THE plan to remove the arts and science streams in schools would make Malaysia’s education holistic, allowing educators to develop future-proof graduates for the future job market which is increasingly driven by technology.
Deputy Youth and Sports Minister Steven Sim Chee Keong said today’s world requires holistic talents and the separation between arts and science education may not be suitable in producing human capital for future demand.
“The removal of ‘false dichotomy’ between arts and science stream will eventually encourage people to think more holistically in terms of education because the real world does not operate that way — as if you are an art or science person separately. I think the job market of today and the future would need somebody that is trained more holistically,” Sim said after witnessing the launch of the Pathways in Technology Early College High Schools (P-TECH) programme in Malaysia by IBM Malaysia Sdn Bhd in Kuala Lumpur yesterday.
Sim said the government is committed to making the technical and vocational education training (TVET) and science, technology, engineering and mathematics (STEM) education as mainstreams evidently through the increased budget from RM5.7 billion for TVET last year, to RM5.9 billion in Budget 2020.
Meanwhile, the Education Ministry (MoE) deputy secretary general for strategic planning Datuk Kamel Mohamad, who presented the document exchange with IBM on the P-TECH programme, said TVET should not be viewed as a “second class” education compared to any other academic curriculum.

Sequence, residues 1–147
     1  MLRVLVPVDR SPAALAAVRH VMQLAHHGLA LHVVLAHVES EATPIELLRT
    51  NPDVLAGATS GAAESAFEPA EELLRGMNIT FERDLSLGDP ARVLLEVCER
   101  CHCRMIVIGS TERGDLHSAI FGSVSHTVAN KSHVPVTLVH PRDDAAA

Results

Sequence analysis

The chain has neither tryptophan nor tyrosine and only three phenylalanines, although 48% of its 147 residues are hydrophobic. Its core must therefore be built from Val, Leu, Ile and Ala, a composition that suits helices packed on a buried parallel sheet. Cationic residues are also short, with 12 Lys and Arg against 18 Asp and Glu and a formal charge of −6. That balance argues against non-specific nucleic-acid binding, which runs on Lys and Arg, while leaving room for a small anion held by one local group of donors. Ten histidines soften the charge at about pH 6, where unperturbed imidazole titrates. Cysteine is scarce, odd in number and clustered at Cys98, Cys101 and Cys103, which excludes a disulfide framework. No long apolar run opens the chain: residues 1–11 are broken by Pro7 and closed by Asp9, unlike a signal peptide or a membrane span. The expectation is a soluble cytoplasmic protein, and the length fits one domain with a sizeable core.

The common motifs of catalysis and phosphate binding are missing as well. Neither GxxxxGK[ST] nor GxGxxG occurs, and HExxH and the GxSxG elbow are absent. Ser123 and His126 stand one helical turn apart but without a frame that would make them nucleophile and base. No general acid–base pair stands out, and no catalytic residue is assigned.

Kamel said TVET in Malaysia is also aspired to nurture human skills among students for them to be better at engaging the community besides its core agenda to build technical skills.
The P-TECH programme by IBM is designed to enhance vocational curriculum at schools through mentorship, site visits, internships and few others.
Established in 2011 by IBM in partnership with educators, P-TECH has been introduced in 24 countries including the US, Australia, New Zealand, Morocco, Taiwan, Korea and Singapore.
In Malaysia, IBM begins pilot P-TECH programmes with Sekolah Menengah Vokasional (SMV) Sepang and SMV Sungai Buloh in Selangor.
IBM Singapore and Malaysia corporate social responsibility leader Sarah Ong said the P-TECH education will commence with 60 students for approximately five years.
IBM collaborated with Malaysia Digital Economy Corp as a strategic partner in the programme.
At IBM, we are acutely aware of the urgent need for technical skills in many countries and P-TECH is very much in line with the needs of Malaysian employers. IBM AsiaPacific CEO and chairman Harriet Green said.